Texas Gov. Rick Perry brings to the presidential race a law-and-order credential that none of his competitors can match — even if they wanted to.
In his nearly 11 years as the state’s chief executive, Perry, now running for the Republican presidential nomination, has overseen more executions than any governor in modern history: 234 and counting. That’s more than the combined total in the next two states — Oklahoma and Virginia — since the death penalty was restored 35 years ago.
The number is partly explained by sheer longevity at the helm of a huge state that has mastered the complicated legal maze of carrying out capital punishment.
But Perry has hardly shrunk from the task.
As the 2012 presidential race unfolds, Perry’s record will inevitably become part of the debate in a country where the number of death sentences handed down continues to fall and some states are renouncing executions. Polls show that capital punishment remains both popular and controversial. And although all of Perry’s main competitors, including President Obama, support the death penalty, Perry’s role stands out.
He vetoed a bill that would have spared the mentally retarded, and sharply criticized a Supreme Court ruling that juveniles were not eligible for the death penalty. He has found during his tenure only one inmate on Texas’s crowded death row he thought should receive the lesser sentence of life in prison.
And Perry’s role in the 2004 execution of Cameron Todd Willingham — who supporters said should have been at least temporarily spared when experts warned that faulty forensic science led to his conviction — is still the subject of investigation in Texas.
Perry has been unapologetic.
It is a bipartisan tradition. The annual rate of executions was actually higher when George W. Bush was the state’s governor, and Democratic Gov. Ann Richards oversaw 50 executions during her four-year term without ever granting clemency.
“In the big picture, it is hard to see how Perry is much different from Bush or Richards,” said Jordan Steiker, co-director of the University of Texas Law School’s Capital Punishment Center.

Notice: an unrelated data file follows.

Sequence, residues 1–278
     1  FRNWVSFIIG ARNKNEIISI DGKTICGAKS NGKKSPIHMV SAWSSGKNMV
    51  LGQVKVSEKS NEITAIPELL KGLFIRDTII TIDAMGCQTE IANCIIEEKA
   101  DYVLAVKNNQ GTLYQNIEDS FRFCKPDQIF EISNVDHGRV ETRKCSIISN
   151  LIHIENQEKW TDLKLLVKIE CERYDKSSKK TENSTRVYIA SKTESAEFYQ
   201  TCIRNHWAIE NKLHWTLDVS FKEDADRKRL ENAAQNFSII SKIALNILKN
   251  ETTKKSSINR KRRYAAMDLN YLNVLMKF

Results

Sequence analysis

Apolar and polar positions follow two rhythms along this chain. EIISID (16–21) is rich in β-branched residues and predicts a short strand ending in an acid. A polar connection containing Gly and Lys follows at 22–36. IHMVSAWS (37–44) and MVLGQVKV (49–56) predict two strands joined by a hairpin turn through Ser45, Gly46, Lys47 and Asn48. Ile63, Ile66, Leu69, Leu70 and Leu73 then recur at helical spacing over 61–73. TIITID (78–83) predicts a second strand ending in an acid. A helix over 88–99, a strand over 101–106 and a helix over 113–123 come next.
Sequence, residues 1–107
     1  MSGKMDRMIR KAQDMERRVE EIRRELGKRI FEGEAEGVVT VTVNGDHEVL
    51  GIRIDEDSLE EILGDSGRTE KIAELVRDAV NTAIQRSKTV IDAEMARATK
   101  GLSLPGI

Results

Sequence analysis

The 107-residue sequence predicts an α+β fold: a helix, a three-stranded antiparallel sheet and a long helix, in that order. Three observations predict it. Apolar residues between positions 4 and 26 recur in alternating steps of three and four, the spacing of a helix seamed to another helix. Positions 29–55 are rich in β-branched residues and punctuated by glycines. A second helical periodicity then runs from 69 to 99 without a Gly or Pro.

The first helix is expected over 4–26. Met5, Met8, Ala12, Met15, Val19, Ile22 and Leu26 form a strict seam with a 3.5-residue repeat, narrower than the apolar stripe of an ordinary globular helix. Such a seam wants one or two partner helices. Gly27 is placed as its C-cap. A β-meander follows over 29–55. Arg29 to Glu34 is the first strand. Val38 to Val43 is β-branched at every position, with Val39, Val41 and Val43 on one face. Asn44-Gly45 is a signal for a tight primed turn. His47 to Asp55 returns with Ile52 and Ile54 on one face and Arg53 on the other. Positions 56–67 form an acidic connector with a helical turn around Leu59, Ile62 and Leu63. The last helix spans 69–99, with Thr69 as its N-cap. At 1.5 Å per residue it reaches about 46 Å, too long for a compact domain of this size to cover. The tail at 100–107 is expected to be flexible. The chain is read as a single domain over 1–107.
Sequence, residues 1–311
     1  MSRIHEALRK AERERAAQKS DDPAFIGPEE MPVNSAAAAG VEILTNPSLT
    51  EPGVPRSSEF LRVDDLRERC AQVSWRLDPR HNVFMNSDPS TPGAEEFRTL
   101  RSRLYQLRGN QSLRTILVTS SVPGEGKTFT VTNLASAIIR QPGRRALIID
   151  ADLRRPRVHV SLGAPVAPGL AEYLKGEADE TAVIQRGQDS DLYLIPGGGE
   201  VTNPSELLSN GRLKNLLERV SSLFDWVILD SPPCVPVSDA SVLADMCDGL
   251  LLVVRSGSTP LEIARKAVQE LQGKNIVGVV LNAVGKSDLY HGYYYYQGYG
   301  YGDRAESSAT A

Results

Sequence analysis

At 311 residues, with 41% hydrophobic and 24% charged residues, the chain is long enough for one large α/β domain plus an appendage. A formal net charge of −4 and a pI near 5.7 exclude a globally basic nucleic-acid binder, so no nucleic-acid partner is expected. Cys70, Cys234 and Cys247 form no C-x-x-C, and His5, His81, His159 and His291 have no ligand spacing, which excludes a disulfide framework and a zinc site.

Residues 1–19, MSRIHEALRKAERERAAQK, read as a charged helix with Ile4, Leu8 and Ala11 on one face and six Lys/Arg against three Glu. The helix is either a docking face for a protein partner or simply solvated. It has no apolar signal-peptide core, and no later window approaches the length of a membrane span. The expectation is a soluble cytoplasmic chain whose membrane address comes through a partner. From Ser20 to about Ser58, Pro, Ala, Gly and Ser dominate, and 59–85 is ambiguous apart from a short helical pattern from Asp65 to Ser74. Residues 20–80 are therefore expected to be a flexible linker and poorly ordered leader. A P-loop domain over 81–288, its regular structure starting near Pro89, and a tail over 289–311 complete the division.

That’s partly because Texans and their representatives give governors little room to slow down the process.
Decisions to seek the death penalty are made by local prosecutors. Unlike in some states, the governor does not sign death warrants or set execution dates. The state constitution prohibits the governor from calling a moratorium on executions and allows clemency only when the Board of Pardons and Paroles recommends it, which is rarely.
Texas’s relatively streamlined process for death penalty appeals is overseen by an elected court not known for reversals. Federal lawsuits go to the U.S. Court of Appeals for the 5th Circuit in New Orleans, which has the same reputation.
“In many states, executions are blocked because the state courts, the federal courts or both are intensely hostile to capital punishment and look for any excuse to overturn convictions,” said Kent Scheidegger, legal director of the pro-death-penalty Criminal Justice Legal Foundation in California. “So the short answer to why Texas has the most executions is (1) size, and (2) not being obstructed by hostile courts.”
Still, Perry has been an aggressive advocate. He battled the Bush administration in the Supreme Court when the president tried to force state courts to review the death sentences of 51 Mexican nationals who had not been allowed to consult Mexican authorities.
The court ruled in Perry’s favor, 6 to 3.
Last month, the Obama administration and governments around the world asked Perry to delay the execution of Humberto Leal Jr., a Mexican national who faced execution for raping and killing a 16-year-old in San Antonio.
Perry declined and Leal was executed July 7.
Although Leal’s innocence was not at issue, death penalty opponents say 12 men on Texas’s death row have been exonerated. Anthony Graves is the latest, spending 18 years in prison before a Texas Monthly investigation showed his innocence.